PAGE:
23rd December 2019
Britain's first regenerative farm?
Meet Land Army girl and would-be farmer Elizabeth Henderson, or rather the actor – Rebecca Bailey – who played her in my stage show No Finer Life. It tells the story of Britain’s most famous wartime farm and the young Somerset woman who dreamt of a life on the land.
Take a look at this charming illustration of the farm. It was printed on the inside covers of George Henderson’s best-selling book, The Farming Ladder. It shows the crops and animals in the fields of his small Cotswold farm in 1943, the year before publication.
It’s a charming picture with its cows and sheep, chickens and horses, not to mention the wildlife. There’s definitely a touch of the Beatrix Potter about it. It would be easy to dismiss it as a sentimental glimpse at a style of farming now long outdated. Surely it has no place in the modern world with its vastly increased demand for food?
Yet in its day this little farm of just 87 acres produced more food per acre than almost any farm in Britain. In fact it was so productive that the Ministry of Agriculture bused in hundreds of farmers to show them the way to feed the nation in wartime. With no pesticides and few chemical fertilisers, George and his brother Frank built up the fertility of their little farm using entirely natural methods. That’s why as well as producing copious amounts of food it remained rich in wildlife.
Take another look at the illustration by renowned wildlife artist Charles Tunnicliffe. You’ll notice that out in the grass fields the chicken and the cattle roam together freely over the pasture. They’re not kept imprisoned in cages and sheds as on so many of today’s factory farms. But as a growing number of farmers are now discovering, when you keep grazing animals and poultry out on pasture where they belong, you quickly make the land more productive. It’s one of the techniques now being called regenerative agriculture. It’s a system with the power to transform the planet.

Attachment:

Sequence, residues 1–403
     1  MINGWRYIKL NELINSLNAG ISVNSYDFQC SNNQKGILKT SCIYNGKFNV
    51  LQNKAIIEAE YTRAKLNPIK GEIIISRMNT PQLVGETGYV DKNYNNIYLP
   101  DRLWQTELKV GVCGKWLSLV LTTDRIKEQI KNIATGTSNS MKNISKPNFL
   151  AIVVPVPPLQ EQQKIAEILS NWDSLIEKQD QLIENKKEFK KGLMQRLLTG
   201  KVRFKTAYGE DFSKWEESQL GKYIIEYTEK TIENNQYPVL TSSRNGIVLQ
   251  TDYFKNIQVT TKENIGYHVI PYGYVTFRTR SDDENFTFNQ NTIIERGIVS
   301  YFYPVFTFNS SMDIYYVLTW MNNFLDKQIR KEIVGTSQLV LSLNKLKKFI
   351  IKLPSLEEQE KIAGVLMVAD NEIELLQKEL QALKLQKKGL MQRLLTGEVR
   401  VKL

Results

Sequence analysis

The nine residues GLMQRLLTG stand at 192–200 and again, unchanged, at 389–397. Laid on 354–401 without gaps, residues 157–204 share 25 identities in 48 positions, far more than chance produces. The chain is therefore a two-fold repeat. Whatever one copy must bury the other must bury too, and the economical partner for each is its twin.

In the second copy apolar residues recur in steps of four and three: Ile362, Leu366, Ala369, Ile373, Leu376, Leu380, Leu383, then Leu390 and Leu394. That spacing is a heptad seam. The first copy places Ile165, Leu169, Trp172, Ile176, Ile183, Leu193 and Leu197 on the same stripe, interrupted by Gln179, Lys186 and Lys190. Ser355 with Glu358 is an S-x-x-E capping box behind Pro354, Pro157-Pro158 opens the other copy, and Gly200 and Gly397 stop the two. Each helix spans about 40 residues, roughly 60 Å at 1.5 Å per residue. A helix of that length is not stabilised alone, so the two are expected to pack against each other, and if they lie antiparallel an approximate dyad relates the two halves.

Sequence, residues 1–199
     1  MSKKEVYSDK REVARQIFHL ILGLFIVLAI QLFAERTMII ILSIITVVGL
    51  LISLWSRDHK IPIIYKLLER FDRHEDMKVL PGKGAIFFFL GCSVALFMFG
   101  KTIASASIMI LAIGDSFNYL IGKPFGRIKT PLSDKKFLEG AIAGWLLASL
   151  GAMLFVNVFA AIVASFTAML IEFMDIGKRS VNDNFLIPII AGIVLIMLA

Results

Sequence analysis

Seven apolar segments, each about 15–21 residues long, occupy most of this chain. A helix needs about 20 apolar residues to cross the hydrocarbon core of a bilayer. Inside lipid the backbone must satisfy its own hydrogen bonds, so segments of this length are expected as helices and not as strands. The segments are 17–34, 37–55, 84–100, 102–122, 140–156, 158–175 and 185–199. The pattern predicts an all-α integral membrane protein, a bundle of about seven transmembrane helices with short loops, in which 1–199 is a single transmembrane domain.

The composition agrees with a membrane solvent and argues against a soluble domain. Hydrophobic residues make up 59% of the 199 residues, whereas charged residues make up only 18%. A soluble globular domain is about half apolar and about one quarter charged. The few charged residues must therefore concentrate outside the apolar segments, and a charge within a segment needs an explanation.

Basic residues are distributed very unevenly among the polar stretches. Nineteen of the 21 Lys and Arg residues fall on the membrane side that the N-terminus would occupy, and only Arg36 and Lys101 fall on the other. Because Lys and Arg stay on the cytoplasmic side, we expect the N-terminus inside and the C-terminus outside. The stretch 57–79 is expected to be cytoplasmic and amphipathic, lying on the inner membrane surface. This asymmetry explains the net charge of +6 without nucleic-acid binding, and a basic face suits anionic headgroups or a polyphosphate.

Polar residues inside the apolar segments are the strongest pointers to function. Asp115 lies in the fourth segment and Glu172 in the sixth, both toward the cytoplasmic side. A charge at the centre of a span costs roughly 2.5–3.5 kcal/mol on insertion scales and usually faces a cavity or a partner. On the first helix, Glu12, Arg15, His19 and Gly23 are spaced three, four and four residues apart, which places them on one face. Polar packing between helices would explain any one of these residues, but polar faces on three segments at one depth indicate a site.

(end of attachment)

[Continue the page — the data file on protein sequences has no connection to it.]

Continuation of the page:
In his best-selling book George said the land on their small Cotswold farm was so poor, they needed to stock it with large numbers of cattle, sheep and poultry to build the fertility to grow the bumper wheat crops the war-torn nation needed. Together grazing animals, poultry and pasture plants are nature’s method of re-cycling carbon – taking carbon dioxide from the air and storing it in the soil. Then through the ceaseless actions of unimaginable numbers of soil microbes it’s turned into compounds plants can use to grow.
In the words of US pasture farmer Joel Salatin, it’s the closest thing in nature to a free lunch. The more you graze the land – in a carefully managed way, that is – the more food it will produce. George Henderson reckoned that if all of Britain were farmed in the way he and his brother did it, the nation could easily feed a population of 100 million. Tragically in the modern world we’ve forgotten how bountiful nature can be if her basic laws are respected. Across Britain chickens are trapped in cages and cows shut in sheds. In crop growing chemicals have replaced fertility-building grassland. The results - ruined soils, polluted streams, contaminated food and lost wildlife. There’s only one answer – we need to put grassland and grazing back into farm rotations. It’ll bring a whole new life to our countryside.
Roberta Bellekom meets the real Elizabeth Henderson who sadly died in 2019
Actor Roberta Bellekom who originally played Elizabeth Henderson
Seems like, back in World War Two, Farmer George had it about right. No Finer Life tells his story - and the story of his small Cotswold farm – through the eyes of Elizabeth, the Land Girl who grew to love him. It’s a heart-warming story of love, hope and belief in the land. More than one thousand people saw and enjoyed the show on its first tour. We hope to tour it again in 2020.
So if you’d like it to come to your village hall or an arts centre near please get in touch with us at
0772 0882 530